The fat-tailed dwarf lemur is one of the smaller members of the genus Cheirogaleus. Head-body length is 17–23 cm, tail length is 19–27 cm, total length is 40–50 cm, and body weight varies seasonally from 120 to 270 g (Petter, 1978; Fietz and Ganzhorn, 1999; Müller, 1999b; Groves, 2000). According to Groves (2000), the dorsal coat is a light frosted fawn-gray with a brown midline stripe. The ventral coat is creamy or yellowish, somewhat more yellow toward the median. There is a partial but sharply marked white collar that extends well up the sides of the neck. A white median facial stripe is offset by dark brown eye rings. The hands and feet are white.
In his revision of the genus, Groves (2000) considered populations from the tropical dry lowland forests and spiny forest regions of the southwest to be a distinct species, and resurrected the name Cheirogaleus adipicaudatus (A. Grandidier, 1868). In terms of morphology, this taxon was said to be similar to C. medius, but with less contrasting colors and a tail that was longer than the head-body length. Groves (2000) examined specimens from three southern Madagascar sites: Tabiky, Tolagnaro (= Fort-Dauphin), and a third unnamed location 170 km east of Toliara (= Tuléar). Most likely representing a collection in dry spiny forest to the west of Tolagnaro. The presence of C. adipicaudatus in the region of Tolagnaro was not supported by Hapke et al. (2005), whose findings indicated instead the presence of three other Cheirogaleus species from that region (C. crossleyi, C. major and C. medius). It may be that the features on which this species was differentiated from C. medius (see Groves, 2001) characterize only a particular population of restricted distribution (C. P. Groves, pers. comm.). In any case, as indicated above, we follow Groeneveld et al. (2009) in considering C. adipicaudatus a synonym of C. medius. Groeneveld et al. (2009) found five terminal clades within C. medius, however, which may turn out to be distinct species.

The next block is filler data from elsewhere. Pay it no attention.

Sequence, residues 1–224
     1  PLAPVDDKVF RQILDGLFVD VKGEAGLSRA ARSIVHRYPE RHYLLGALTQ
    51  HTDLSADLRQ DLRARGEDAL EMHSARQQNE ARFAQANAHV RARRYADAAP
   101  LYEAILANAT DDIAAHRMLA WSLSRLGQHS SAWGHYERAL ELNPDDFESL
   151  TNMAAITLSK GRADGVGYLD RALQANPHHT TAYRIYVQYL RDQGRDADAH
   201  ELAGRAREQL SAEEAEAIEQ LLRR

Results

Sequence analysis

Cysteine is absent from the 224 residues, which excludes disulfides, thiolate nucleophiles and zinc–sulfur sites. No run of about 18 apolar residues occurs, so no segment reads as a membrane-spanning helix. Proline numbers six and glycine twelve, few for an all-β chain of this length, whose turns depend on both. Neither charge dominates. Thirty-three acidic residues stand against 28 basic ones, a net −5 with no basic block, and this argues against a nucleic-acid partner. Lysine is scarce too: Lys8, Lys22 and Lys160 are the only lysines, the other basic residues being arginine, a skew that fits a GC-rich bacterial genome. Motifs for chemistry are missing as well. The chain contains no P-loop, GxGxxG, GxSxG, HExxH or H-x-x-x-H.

In the field, Cheirogaleus is most likely to be confused with Lepilemur or Mirza, and possibly Microcebus, although it tends to move more slowly than any of these three. It can be distinguished from Lepilemur by its distinctive lighter underparts, by the form of its tail, and by body posture and movement; Lepilemur is more likely to adopt a vertical posture and to leap, whereas Cheirogaleus walks slowly and quadrupedally (although it is capable of leaping as well). Sportive lemurs are three to eight times the size of C. medius. Mirza has large distinctive ears and moves both rapidly and constantly. Microcebus also has highly visible ears, moves more than does Cheirogaleus, and is much smaller. Confusion with Phaner is unlikely, since Phaner moves constantly, vocalizes loudly, bobs its head back and forth, and has a more elongate face and telltale fork-mark pattern on its head. Distinguishing among species of Cheirogaleus is possible through the geographic location and using the detailed descriptions found in this section.